The following article entitled “How To Eat Wild Edibles (Without Poisoning Yourself!)”. Was kindly written and submitted by Dan from
SurvivalDan.com. Thanks, Dan.
How To Eat Wild Edibles (Without Poisoning Yourself!)
Here’s the good news.
Our National Parks are booming.
Many parks are reporting their highest visitation records ever.
In just the last five years, the Parks have seen a massive 1.5 billion visits.
So, more Americans than ever before are getting out to hike and camp.
Getting fit and healthy is all well and good.
But there’s one BIG downside.
More people are heading into the wild unprepared for…
Well, the wilderness!
Why are people hitting the trails without the right gear or knowledge needed to be safe?
In one word: “accessibility”.
Today, people see a beautiful looking mountain or a canyon on Facebook or Instagram. Then they just head out.
They ignore doing any real research. Or networking with more experienced, local hikers.
In many cases, their only safety equipment is a cell phone.
But in remote areas, reception is often poor and batteries are quickly drained.
This is an all too common scenario. The combination of unfamiliar terrain and bad weather can be a recipe for disaster for the unprepared.
According to the National Park Service, there were 3,453 Search and Rescue (SAR) missions last year. Only 29% of these missions were successful, with 1,500 people being ill or injured and 182 fatalities.
What To Do If You Get Lost?
Well, it turns out you can dramatically increase your chances of survival if you follow a few simple steps.
Preparing yourself by upping your survival game is the only way you are going to last in the wilderness.
Below you will find a comprehensive guide that will not only teach you the importance of avoiding starvation and dehydration but also how to find food and water in the wild.
The first thing is to never go into panic mode. Take a few minutes to figure out where you are (you packed a map, compass, GPS, right?) and your top priorities. This is usually: water, shelter, fire, and food. But this may vary depending on the situation at hand. In freezing cold weather, when it’s rapidly getting dark, shelter may be your main concern.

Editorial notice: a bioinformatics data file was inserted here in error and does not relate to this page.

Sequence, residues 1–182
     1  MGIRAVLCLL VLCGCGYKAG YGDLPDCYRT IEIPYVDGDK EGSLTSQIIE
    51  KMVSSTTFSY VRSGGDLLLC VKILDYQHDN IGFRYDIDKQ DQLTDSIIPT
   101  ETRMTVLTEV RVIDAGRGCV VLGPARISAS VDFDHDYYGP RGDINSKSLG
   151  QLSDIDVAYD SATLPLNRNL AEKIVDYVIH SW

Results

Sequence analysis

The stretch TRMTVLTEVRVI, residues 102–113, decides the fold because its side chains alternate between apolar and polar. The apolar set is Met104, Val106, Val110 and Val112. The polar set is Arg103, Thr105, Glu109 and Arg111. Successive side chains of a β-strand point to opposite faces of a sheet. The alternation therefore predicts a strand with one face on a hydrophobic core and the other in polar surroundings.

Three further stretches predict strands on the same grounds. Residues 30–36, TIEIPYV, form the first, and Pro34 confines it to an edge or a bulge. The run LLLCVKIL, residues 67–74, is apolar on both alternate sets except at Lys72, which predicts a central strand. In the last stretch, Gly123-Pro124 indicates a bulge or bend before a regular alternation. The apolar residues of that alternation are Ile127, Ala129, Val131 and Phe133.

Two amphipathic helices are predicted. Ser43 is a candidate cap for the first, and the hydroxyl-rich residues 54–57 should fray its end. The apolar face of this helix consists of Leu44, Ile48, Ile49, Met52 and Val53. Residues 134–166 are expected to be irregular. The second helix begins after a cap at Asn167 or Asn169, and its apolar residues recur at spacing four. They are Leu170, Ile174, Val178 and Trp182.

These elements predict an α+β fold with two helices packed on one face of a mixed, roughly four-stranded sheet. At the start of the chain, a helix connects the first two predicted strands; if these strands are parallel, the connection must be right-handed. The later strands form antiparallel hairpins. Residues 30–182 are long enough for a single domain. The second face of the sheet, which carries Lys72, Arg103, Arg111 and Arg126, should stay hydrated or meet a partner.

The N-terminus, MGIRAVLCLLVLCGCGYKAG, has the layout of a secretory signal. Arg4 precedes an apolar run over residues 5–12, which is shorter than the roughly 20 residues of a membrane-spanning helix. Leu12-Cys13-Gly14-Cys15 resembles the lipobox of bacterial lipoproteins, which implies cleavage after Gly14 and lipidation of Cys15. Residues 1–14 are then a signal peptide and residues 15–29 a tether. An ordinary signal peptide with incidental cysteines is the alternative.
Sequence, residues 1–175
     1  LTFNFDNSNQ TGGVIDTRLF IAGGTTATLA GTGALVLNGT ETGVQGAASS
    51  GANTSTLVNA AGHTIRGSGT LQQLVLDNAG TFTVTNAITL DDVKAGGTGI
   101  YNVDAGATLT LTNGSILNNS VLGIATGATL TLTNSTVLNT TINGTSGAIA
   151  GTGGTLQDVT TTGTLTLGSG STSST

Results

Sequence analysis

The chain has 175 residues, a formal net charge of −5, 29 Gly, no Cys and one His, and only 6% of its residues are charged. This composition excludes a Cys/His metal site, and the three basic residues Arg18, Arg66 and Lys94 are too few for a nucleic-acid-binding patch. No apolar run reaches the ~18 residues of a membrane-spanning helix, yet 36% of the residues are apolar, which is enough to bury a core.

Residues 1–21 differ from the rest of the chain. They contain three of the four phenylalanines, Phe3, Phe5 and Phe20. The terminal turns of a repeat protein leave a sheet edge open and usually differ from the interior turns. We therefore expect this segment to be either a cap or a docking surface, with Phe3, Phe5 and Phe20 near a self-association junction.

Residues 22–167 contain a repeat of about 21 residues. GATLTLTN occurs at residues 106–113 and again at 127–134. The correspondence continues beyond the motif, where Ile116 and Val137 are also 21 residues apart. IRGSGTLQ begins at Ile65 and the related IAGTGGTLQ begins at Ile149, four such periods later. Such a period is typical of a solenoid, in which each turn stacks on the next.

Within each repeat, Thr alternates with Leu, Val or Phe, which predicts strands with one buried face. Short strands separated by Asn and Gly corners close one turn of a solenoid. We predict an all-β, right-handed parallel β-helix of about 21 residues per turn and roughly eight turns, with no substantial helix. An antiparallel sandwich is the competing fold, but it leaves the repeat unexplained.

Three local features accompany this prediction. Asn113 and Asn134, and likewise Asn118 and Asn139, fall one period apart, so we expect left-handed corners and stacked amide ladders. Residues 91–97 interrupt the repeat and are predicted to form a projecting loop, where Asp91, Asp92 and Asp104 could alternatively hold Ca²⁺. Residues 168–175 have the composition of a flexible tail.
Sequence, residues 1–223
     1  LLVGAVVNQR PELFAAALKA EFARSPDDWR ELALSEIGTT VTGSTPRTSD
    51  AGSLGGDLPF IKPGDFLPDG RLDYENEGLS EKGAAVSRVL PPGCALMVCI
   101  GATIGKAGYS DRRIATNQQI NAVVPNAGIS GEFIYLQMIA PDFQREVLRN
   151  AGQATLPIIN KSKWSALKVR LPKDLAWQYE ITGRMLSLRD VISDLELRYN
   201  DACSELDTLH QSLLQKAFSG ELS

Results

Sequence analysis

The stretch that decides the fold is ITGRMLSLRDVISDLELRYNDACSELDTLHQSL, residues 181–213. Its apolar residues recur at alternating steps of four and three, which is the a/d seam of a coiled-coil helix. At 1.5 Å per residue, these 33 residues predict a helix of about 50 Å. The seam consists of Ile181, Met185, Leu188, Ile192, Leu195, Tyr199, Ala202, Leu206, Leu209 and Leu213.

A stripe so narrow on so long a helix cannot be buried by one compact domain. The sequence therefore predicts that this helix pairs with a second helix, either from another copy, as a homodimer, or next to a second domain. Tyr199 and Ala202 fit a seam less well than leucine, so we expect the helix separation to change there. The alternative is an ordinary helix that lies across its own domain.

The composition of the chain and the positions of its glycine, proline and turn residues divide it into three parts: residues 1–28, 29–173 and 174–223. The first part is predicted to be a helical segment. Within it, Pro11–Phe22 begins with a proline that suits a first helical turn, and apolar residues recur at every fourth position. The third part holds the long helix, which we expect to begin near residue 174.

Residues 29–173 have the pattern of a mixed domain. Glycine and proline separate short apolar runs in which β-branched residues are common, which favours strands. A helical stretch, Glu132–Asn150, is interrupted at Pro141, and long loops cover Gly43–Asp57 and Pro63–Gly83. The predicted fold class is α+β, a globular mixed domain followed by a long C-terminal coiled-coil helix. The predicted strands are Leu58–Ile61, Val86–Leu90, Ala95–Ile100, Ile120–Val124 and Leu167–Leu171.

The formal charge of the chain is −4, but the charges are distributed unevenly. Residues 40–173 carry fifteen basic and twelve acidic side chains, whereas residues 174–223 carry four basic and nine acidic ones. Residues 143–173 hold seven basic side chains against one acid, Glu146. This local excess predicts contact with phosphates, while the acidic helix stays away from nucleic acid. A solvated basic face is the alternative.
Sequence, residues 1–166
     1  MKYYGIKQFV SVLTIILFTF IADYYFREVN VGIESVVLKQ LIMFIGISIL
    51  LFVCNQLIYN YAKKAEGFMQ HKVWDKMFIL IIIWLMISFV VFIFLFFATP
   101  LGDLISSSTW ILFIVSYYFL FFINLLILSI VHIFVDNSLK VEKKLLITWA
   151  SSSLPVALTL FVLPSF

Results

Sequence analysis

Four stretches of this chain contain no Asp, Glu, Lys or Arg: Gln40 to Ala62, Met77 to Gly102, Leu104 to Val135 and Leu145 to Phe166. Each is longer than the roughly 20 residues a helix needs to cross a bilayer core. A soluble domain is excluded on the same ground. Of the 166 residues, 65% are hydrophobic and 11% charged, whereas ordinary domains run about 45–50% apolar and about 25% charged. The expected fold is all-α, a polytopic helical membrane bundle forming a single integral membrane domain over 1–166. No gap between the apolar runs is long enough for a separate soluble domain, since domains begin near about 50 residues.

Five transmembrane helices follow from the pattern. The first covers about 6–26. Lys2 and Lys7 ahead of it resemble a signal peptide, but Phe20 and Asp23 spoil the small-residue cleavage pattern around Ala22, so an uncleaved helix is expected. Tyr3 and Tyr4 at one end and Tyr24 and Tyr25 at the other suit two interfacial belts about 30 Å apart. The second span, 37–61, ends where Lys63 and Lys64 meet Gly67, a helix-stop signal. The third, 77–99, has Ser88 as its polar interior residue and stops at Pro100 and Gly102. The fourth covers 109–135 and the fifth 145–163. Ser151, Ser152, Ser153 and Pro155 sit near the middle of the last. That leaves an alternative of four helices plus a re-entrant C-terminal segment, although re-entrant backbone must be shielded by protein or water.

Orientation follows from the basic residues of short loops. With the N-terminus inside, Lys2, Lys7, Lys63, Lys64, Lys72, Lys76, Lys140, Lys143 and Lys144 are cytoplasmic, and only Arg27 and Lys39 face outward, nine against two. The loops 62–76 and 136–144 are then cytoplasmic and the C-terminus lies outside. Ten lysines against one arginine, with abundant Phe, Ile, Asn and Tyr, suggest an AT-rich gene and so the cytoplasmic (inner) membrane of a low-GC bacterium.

But how exactly do you prioritize, when you’re quickly running out of food and water?
Learn to Follow The Rule of Threes
The rule of threes is a useful guide to prioritize in a survival situation. If you’re not familiar with the rule, it basically states you can’t live more than:
3 minutes without breathing air:
Without oxygen (e.g. asphyxiation, drowning), the brain cells start to die after just three minutes. This could lead to brain damage and even death.
3 hours without shelter in a harsh environment:
In extreme heat, the body can begin to shut down after just three hours of exposure to the elements. This can cause heat stroke, a serious condition that could lead to death. In addition to heat, the body can survive just three hours in the extreme cold. After this period of time, hypothermia often sets in causing the body to go into shock.
3 days without water:
The human body can go up to three days without water. After three days of no water, the body gets completely dehydrated and death will likely occur.
3 weeks without food:
A healthy adult can go up to three weeks without food. After three weeks without food, the body can start to go into what is referred to as total starvation resulting in death.
Whilst this rule is not set in concrete. For example, a risk of starvation will depend on many factors, like the current nutritional state of the person and the amount of energy they expend. Factors like this will extend or shorten the 3-week estimate.